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AMD Confirms Hacker Stole Information on Graphics Products

AMD has confirmed that a hacker has stolen files related to some of its graphics products, but the company says it’s not too concerned about the impact of the leak.

AMD has confirmed that a hacker has stolen files related to some of its graphics products, but the company says it’s not too concerned about the impact of the leak.

A hacker who uses the online moniker “Palesa” claims to have obtained source code files related to several AMD graphics processing units (GPUs), including the Navi 10 architecture, which is used in some Radeon RX 5000-series graphics cards, the upcoming Navi 21, and Arden. Arden is the codename for the GPUs that will power Microsoft’s upcoming Xbox Series X consoles.

Palesa told SecurityWeek that the files were taken from a server owned by AMD, not from a contractor. The hacker is hoping to obtain some money for the files, either from AMD or someone else.

Palesa claims to have already received some “good offers in bitcoin” for the files — the hacker says the offers range between $50,000 and $100,000 — but they are waiting for “AMD to speak on this.”

In a statement published on its website, AMD described the stolen files as “test files related to a subset of our current and future graphics products.” The company said it was contacted by someone claiming to have the files in December 2019.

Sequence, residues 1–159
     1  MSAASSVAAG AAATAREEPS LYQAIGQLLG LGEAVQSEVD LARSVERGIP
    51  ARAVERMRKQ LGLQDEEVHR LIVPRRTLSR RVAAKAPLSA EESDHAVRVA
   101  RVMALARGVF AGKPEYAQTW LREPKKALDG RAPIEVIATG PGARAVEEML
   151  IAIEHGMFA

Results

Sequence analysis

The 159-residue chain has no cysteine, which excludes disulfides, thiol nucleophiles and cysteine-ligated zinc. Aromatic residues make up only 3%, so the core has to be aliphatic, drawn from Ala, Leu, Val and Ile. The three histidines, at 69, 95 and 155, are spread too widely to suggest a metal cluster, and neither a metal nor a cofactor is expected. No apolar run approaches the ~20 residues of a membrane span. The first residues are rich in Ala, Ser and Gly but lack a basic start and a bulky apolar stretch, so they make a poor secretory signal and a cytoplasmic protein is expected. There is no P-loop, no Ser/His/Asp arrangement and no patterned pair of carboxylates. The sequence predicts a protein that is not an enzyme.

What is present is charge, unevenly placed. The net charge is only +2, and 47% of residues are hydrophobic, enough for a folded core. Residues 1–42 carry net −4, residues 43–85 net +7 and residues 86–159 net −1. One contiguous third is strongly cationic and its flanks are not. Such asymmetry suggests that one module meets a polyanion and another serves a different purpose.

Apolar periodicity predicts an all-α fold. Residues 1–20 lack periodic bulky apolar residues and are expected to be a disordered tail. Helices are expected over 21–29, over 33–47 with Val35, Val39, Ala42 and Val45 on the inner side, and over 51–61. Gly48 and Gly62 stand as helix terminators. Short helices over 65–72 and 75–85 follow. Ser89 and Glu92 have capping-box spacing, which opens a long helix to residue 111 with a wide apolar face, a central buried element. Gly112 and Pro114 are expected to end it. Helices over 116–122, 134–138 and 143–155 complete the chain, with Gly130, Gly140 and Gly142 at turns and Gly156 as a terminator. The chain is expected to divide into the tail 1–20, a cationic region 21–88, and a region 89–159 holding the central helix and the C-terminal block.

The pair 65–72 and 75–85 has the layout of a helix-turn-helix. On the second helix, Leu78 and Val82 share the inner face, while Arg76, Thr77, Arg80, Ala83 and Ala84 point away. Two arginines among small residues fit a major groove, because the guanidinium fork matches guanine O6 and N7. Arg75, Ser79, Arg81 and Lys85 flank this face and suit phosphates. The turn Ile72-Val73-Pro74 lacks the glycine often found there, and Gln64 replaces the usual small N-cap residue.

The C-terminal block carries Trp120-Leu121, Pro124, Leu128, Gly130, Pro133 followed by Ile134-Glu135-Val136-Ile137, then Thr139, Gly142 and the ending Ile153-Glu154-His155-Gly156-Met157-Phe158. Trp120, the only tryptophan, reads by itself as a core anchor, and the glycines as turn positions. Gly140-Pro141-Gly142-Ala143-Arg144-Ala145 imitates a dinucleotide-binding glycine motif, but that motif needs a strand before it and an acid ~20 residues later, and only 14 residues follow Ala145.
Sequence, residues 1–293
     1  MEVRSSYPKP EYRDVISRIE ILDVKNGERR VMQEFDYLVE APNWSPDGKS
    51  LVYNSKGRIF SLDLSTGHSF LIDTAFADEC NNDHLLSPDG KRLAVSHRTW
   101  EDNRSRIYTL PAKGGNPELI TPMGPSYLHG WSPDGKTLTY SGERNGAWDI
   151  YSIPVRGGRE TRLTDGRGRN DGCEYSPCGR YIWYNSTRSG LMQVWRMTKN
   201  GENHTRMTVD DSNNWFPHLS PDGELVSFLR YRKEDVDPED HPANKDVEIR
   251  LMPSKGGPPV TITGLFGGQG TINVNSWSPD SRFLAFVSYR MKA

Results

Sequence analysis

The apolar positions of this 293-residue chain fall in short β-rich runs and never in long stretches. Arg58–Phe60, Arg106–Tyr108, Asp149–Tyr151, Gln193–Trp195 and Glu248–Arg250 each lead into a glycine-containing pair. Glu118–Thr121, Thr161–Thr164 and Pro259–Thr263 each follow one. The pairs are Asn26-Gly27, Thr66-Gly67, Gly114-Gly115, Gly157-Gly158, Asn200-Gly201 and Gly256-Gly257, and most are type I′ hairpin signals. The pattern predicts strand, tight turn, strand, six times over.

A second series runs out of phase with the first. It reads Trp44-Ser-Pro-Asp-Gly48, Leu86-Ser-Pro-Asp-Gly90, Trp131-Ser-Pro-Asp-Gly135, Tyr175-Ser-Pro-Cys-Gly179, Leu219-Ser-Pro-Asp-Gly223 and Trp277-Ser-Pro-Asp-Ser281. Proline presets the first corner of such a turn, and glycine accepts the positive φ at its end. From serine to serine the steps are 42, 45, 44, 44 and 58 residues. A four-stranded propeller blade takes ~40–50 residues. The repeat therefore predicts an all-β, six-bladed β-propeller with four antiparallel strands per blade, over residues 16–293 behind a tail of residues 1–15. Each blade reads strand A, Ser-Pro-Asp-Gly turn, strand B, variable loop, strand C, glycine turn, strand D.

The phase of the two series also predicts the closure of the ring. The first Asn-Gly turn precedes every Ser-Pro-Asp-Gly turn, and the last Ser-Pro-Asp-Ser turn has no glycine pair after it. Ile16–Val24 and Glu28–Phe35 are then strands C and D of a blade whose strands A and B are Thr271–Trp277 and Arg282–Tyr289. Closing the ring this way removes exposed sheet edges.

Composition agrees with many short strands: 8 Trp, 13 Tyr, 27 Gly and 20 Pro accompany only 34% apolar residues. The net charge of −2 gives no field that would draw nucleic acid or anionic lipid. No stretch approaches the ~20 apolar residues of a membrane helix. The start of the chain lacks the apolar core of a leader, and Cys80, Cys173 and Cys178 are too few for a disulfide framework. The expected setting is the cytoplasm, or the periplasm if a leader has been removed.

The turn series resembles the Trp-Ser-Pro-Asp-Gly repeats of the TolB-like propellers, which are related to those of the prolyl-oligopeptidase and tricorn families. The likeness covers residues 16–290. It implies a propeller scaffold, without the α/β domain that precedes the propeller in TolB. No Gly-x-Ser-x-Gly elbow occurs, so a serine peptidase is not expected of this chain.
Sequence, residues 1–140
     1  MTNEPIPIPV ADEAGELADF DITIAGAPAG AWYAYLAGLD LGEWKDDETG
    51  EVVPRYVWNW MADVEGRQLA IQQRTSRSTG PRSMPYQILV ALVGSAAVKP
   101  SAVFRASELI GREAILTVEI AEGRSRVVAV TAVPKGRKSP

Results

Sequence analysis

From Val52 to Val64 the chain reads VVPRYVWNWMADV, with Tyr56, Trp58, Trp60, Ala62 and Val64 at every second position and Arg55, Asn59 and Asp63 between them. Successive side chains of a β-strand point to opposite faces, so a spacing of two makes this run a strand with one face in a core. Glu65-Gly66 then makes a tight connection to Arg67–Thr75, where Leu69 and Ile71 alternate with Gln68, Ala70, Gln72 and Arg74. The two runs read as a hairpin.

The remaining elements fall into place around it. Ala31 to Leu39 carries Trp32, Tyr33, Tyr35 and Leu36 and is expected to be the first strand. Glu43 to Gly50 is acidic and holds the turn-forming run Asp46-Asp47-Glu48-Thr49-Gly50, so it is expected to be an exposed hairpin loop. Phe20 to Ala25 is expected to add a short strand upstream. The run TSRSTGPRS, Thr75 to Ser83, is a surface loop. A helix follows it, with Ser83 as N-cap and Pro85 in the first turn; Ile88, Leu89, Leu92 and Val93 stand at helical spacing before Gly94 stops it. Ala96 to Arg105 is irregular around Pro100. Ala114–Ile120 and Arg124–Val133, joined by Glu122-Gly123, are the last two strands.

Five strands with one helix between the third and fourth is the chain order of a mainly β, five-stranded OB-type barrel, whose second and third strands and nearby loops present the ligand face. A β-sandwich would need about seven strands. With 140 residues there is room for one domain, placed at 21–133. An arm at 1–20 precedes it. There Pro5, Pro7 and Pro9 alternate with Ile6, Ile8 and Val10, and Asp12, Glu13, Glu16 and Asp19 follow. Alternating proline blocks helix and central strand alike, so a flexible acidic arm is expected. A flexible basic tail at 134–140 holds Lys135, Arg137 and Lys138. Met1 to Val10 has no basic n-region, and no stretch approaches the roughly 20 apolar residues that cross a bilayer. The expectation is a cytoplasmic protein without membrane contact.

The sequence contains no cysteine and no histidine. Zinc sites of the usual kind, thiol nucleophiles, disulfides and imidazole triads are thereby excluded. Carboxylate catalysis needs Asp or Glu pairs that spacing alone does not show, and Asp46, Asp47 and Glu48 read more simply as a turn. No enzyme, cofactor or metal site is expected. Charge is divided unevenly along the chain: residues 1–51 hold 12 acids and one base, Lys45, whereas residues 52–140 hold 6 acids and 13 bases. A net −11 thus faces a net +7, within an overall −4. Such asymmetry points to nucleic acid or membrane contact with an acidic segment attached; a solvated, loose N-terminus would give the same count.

Palesa recently made available some of the stolen files on GitHub, but they were removed as a result of a DMCA takedown request filed by AMD. Some screenshots of the stolen files are still available on GitHub and the hacker has promised to send proof to anyone interested in buying them.

AMD GPU files stolen by hacker

AMD GPU files stolen by hacker

“While we are aware the perpetrator has additional files that have not been made public, we believe the stolen graphics IP is not core to the competitiveness or security of our graphics products. We are not aware of the perpetrator possessing any other AMD IP,” AMD said.

“We are working closely with law enforcement officials and other experts as a part of an ongoing criminal investigation,” the company added.

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Written By

Eduard Kovacs (@EduardKovacs) is a managing editor at SecurityWeek. He worked as a high school IT teacher for two years before starting a career in journalism as Softpedia’s security news reporter. Eduard holds a bachelor’s degree in industrial informatics and a master’s degree in computer techniques applied in electrical engineering.

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